Note that your table names do have to be different from any existing table names, I'll click OK. The second table has information about each of my customers, so I'll double-click where it says Table2 and type in Customers. This third table contains information about my products, so I'll double-click where it says Table3 and change the name to Products and click OK. Next, we'll look at the fields and make sure they wound up in the right places.
This ID is for each order, so that's perfect. Address though, belongs to the customer, so I'll move that over to this table and drop it between CompanyID and Address 2. The same with City, I'll click on it and drag it over above State. OrderDate is the date of my order and Quantity is the quantity of products ordered. The lookup to Products, will tell me what products they ordered and the lookup to Customers will tell me which customer placed the order. Now let's take a look at our Customer fields. CompanyID is the unique identifier, so I am going to drag that up above Company, then Address, Address 2, City, State, Zip, Business Phone, those are great.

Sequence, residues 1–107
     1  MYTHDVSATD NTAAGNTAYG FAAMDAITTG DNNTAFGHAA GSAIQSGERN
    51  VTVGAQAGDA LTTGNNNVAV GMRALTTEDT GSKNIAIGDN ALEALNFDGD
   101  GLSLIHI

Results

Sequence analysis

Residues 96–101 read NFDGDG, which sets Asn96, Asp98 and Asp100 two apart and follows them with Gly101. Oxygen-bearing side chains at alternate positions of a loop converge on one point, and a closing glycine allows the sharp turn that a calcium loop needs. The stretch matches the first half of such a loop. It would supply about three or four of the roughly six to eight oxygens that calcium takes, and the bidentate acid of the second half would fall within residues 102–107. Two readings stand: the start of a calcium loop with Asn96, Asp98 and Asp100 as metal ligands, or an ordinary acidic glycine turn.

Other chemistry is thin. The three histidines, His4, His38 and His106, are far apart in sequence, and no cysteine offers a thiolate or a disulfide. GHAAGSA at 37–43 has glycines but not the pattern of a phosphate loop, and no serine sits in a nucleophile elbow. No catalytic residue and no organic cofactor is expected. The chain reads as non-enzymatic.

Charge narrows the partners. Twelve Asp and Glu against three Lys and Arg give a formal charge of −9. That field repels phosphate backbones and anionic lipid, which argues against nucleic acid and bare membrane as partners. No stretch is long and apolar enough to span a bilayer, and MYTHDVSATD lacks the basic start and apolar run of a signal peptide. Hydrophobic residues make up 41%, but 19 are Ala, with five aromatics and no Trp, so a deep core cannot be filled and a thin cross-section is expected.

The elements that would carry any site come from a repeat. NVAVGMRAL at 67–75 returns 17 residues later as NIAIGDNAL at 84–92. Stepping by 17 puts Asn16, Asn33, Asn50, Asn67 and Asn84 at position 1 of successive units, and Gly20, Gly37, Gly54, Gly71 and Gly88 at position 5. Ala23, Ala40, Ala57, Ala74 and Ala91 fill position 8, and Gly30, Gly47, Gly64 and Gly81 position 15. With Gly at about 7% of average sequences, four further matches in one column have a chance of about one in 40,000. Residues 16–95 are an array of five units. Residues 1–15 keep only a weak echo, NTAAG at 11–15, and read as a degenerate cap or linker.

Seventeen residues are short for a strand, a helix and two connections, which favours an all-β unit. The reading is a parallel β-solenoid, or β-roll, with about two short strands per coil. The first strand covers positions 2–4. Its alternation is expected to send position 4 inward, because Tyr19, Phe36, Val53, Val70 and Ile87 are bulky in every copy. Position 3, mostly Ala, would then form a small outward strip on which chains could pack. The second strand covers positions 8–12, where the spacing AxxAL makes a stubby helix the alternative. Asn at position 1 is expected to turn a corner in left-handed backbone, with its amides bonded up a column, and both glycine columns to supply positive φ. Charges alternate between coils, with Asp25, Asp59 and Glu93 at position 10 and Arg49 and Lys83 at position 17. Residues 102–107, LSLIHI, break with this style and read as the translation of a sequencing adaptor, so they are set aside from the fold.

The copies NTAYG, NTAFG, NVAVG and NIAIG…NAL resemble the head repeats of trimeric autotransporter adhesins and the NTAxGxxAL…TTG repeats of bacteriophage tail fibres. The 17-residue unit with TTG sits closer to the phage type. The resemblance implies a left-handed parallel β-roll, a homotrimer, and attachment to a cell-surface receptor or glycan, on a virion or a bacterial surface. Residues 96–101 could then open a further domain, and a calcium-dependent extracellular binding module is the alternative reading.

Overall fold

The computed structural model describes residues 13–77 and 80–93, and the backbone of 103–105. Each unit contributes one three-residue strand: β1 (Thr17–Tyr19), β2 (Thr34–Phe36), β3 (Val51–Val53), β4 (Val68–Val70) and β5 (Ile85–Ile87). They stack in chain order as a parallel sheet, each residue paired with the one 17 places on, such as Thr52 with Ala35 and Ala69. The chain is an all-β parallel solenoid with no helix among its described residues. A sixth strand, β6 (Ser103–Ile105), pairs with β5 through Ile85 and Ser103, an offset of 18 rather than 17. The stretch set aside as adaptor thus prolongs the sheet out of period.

Size though, belongs over here on the right-hand side with Products, and then I have my Product ID, my ProdName and Size. Now my fields are all distributed properly, I'll click Next. The next step is to set my Primary Key fields or my unique identifiers. In my Customers table, it has offered to create one for me, but our CompanyID is a unique identifier, so I'll click on it and then click on the key in the upper right-hand corner. The same with Product, that's an ID field already, so I'll designate it as my Primary Key by clicking on the key in the upper right-hand corner.
Now everything looks great, I'll click Next. In the next step, my Table Analyzer Wizard has found some typos; the company Avalon, when I look at the P .O. Box, has two different P.O. boxes. 483 is correct, so I'll leave the check mark here. I'll click this Next Key button to see additional records with issues. Delish Foods, the correct address is actually 2257, so I'll put a check mark in the box below. This Next Key button is grayed out, because I don't have any more typos, so I'll click Next.